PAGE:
The Recovery of Fallen Soldiers from WWII:the Contribution of Physical Anthropology (PA)

Indra, Lara Isabelle (7 May 2021). The Recovery of Fallen Soldiers from WWII:the Contribution of Physical Anthropology (PA) (Unpublished). In: Jahresversammlung der Schweizerischen Gesellschaft für Anthropologie (SGA). Online. 07.05.2021.

The VBGO (Verein zur Bergung Gefallener in Osteuropa e.V., VBGO) undertakes several
excavations every year, comprising search, recovery and documentation of WWII war dead and their contexts. During the missions so far, the VBGO has been involved in the recovery of over 7.000 fallen soldiers from WWII. These operations follow a historical investigation and in turn entail further tasks, such as the efforts to identify the fallen individuals, to give them a decent burial and to validate and complete the historical events from written records. The major aim of the VBGO is bringing peace to the families of those who went missing during WWII. An aspect that has increasingly be focussed on during the past years is physical anthropology. After we excavate and document the remains in situ following archaeological standards, we inventory,
examine and document the skeletal remains. This process includes the assessment of the biological profile (sex, age-at-death, stature), pathologic conditions that may give evidence of the soldier's health, and the analysis of traumatic lesions which are inevitably present in battlefield contexts. Until now, about 40 individuals were examined by anthropological means. All of them were males and their skeletons showed perimortem trauma sustained to cranial as well as postcranial elements, resulting from blunt force and blast impacts. Another focus lies on evidence collection that may further aid with identification, like anatomical characteristics such as improperly healed fractures or non-metric traits, dental status in case antemortem records might be present, and personal belongings. In addition, a genetic identification project is currently established with the aim to genetically compare the remains with live relatives. Physical anthropology adds a valuable contribution to the missions, especially regarding osteological documentation, reconstruction of health and death circumstances, as well as individual identification. From a scientific point of view, the investigation of the WWII fatalities provides a unique opportunity to generate anthropological data related to recent armed conflicts, with an emphasis on violent impacts to the skeletal system. This may help assessing human remains from similar contexts worldwide, especially from regions where former conflicts still have to be reappraised. In addition, this study shows the potential of physical anthropology in archaeological and simultaneously human rights aims.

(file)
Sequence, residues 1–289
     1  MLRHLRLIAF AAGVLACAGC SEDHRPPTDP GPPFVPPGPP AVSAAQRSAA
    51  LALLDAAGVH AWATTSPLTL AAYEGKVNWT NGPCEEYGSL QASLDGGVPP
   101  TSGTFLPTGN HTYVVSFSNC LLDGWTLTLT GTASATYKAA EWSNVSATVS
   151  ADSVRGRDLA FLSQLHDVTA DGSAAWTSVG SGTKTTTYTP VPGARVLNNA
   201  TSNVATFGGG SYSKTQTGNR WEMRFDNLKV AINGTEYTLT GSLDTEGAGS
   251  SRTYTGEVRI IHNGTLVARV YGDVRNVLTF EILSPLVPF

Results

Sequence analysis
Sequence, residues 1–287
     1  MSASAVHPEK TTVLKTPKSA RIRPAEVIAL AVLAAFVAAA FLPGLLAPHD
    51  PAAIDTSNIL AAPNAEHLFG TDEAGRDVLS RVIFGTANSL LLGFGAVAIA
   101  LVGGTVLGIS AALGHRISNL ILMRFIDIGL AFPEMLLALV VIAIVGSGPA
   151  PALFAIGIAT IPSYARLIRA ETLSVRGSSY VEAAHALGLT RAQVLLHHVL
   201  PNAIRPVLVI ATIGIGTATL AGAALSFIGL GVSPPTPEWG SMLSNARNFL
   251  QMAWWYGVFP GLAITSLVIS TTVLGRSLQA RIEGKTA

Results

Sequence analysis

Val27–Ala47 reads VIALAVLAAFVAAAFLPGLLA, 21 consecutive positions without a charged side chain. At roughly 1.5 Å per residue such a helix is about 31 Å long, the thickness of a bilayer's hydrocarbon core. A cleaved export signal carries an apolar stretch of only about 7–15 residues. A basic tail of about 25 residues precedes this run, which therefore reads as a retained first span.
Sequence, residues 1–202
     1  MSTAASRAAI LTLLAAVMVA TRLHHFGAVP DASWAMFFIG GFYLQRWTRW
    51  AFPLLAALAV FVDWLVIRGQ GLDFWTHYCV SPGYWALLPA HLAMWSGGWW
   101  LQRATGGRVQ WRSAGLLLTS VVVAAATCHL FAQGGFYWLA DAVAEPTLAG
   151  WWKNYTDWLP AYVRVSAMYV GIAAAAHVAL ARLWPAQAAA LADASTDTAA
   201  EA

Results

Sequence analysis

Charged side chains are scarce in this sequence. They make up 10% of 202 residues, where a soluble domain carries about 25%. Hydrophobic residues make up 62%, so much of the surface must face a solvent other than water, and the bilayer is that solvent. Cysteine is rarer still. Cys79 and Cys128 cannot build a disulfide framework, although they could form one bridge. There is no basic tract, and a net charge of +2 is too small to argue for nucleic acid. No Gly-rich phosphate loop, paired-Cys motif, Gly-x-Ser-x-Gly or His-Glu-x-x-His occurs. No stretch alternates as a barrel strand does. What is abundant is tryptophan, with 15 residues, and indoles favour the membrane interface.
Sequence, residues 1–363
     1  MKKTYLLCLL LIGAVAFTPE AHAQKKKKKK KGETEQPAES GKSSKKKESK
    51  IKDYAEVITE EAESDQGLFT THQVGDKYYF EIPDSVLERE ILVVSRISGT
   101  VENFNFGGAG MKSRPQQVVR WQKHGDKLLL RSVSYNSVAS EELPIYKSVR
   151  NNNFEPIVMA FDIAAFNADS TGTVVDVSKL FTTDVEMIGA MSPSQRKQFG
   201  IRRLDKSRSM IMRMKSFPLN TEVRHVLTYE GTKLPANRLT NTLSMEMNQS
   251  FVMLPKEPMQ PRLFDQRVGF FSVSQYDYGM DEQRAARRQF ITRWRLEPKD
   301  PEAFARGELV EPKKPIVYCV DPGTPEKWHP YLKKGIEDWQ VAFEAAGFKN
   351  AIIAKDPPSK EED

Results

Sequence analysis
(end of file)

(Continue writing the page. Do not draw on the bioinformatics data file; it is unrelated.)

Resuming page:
Item Type:

Conference or Workshop Item (Speech)


04 Faculty of Medicine > Service Sector > Institute of Legal Medicine > Anthropology

Graduate School:

Graduate School for Cellular and Biomedical Sciences (GCB)

UniBE Contributor:

Indra, Lara Isabelle


300 Social sciences, sociology & anthropology
500 Science




Lara Isabelle Indra

Date Deposited:

29 Apr 2022 16:20

Last Modified:

05 Dec 2022 16:19


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